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Feb 5, 2018 11:23 AMPublication: The Southampton Press

Southampton Town Begins Converting Streetlights To LED, Should Finish By August

Kristen Doulos compares the current streetlights to the new LED streelights. VALERIE GORDON
Feb 6, 2018 1:37 PM

Southampton Town officials are replacing the municipality’s estimated 2,700 streetlights with light-emitting diode bulbs—commonly referred to as LEDs—this spring.

Partnering with the New York Power Authority, the town will invest approximately $1.9 million into its streetlight replacement project, which would cover the cost of the bulbs and their actual installation, according to Town Councilwoman Julie Lofstad.

The townwide conversion from 75-watt high-pressure sodium bulbs to a range of 36-watt to 70-watt LEDs, depending on the area they are installed, is expected to significantly cut the town’s electricity costs and reduce its carbon footprint, according to Town Parks Director Kristen Doulos.

NYPA engineer Paul Parthemore explained last week that his department will front the $1.9 million, with the town paying back that amount over the next eight years or so. The authority will determine the appropriate wattage needed for specific town roads and also oversee the installation once the Town Board awards the project to the lowest responsible bidder.

Ms. Lofstad said the board intends to award the bid in the coming weeks. Board members approved the project in September by a 4-0 margin, with Town Councilwoman Christine Scalera abstaining.

Ms. Lofstad noted that, because of the anticipated cost savings from using the LEDs, the town expects to have saved enough money over the next seven years to reimburse NYPA for the $1.9 million investment. “I know that it is expected to pay itself back,” she said.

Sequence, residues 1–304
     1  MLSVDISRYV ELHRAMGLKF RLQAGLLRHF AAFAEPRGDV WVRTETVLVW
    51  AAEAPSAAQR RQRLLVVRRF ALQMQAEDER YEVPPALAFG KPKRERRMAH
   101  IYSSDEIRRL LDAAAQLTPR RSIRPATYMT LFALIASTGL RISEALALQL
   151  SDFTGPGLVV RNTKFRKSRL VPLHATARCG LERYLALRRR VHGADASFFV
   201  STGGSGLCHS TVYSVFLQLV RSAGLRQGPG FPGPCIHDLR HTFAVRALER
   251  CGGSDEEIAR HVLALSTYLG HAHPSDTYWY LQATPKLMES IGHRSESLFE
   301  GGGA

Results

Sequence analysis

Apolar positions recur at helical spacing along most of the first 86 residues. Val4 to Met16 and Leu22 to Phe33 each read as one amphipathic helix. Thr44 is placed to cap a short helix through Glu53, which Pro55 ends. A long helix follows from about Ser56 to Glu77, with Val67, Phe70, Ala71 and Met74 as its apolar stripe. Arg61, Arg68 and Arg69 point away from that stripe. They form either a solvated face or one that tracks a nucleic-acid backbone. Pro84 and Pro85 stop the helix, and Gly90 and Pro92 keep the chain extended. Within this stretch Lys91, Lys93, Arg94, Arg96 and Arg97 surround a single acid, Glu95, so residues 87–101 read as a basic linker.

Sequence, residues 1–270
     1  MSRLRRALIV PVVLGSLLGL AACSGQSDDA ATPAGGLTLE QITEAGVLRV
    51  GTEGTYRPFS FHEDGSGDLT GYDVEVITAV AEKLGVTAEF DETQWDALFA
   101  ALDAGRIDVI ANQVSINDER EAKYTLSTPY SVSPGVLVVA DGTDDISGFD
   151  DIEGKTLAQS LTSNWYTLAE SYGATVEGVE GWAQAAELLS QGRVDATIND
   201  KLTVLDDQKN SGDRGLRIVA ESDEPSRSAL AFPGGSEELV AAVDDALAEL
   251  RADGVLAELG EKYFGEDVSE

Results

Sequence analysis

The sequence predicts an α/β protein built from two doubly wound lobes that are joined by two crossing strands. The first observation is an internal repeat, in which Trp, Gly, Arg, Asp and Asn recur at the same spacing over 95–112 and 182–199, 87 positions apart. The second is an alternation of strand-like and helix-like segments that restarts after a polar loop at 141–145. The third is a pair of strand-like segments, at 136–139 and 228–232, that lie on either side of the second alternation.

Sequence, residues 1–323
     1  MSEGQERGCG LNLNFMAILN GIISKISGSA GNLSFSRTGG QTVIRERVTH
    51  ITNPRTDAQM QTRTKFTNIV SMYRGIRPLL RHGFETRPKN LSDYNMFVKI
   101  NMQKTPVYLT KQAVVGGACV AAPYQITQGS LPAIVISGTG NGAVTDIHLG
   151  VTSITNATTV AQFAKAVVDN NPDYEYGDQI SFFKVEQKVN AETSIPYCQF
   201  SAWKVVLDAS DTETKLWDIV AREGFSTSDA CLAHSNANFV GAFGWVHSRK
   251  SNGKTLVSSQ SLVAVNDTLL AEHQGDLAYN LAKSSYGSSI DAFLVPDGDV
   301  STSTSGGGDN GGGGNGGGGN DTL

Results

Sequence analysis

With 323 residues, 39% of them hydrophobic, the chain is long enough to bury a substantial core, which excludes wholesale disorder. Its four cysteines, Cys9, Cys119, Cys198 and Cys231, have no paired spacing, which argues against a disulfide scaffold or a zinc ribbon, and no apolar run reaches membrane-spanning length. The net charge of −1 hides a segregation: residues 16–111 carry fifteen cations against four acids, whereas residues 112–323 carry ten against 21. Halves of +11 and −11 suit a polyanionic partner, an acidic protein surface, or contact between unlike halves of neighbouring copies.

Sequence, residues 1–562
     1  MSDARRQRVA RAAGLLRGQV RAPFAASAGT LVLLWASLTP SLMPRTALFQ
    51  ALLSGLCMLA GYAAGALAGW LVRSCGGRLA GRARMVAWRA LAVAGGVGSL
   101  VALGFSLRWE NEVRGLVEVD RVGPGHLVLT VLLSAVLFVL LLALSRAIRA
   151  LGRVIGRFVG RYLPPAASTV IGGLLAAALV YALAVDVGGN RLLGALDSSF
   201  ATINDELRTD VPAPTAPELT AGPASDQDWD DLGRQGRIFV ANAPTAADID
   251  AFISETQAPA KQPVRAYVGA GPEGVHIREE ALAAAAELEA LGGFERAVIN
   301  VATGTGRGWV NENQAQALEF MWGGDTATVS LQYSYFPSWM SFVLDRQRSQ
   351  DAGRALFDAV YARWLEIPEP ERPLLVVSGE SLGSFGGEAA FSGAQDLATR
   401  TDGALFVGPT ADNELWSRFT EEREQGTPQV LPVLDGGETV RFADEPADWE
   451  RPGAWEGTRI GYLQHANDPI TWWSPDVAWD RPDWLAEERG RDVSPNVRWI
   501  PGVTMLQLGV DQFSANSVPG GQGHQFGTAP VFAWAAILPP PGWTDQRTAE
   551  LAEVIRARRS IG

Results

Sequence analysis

LEDs use at least 75 percent less energy and last 25 times longer than incandescent lighting due to the former’s small size, focused light direction and the fact that they release little heat, according to the U.S. Department of Energy.

The installation work is slated to begin east of the Shinnecock Canal before slowly moving west and will include all unincorporated hamlets, including Hampton Bays, according to Ms. Doulos. She noted that the work does not include incorporated villages, such as Southampton or Westhampton Beach.

Ms. Lofstad added that the townwide LED conversion is expected to be complete by August.

The new LEDs will be in compliance with the town’s “Dark Skies” legislation, enacted in 2009, which prohibits “nuisance lighting” and also requires that all fixtures to have shielded bulbs to prevent glare. The law also states that residential lighting fixtures cannot be higher than 12 feet off the ground to prevent light pollution; commercial properties cannot install lighting that exceeds 14 feet in height.

“I can’t imagine they can allow these streetlights to be bright and interfere with that law,” said Maria Hults, a longtime Hampton Bays resident who serves as vice president of the Hampton Bays Civic Association.

There are streetlights sprinkled throughout the municipality that now feature LEDs and, as a result, are already in compliance with the town’s regulations, officials said. Those areas include Main Street in Southampton, Good Ground Park, Gravel Hill Road and Fanning Avenue in Hampton Bays, and Main Street in Bridgehampton.

“Every time a light goes out, we’ve been replacing them with LED,” Ms. Doulos said.

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Good. The potholes and lack of sidewalks will be more visible.
By Mouthampton (417), Southampton on Feb 5, 18 12:31 PM
1 member liked this comment
Don't we have two lighting people that work for the town? What will they be doing while this is going on? That works out to 270 per worker a year, one a day???
Sounds like a in house job, don't fix, replace with LED's. Do you have to replace the whole fixture or just the head? They are made to last...
By knitter (1604), Southampton on Feb 6, 18 10:24 AM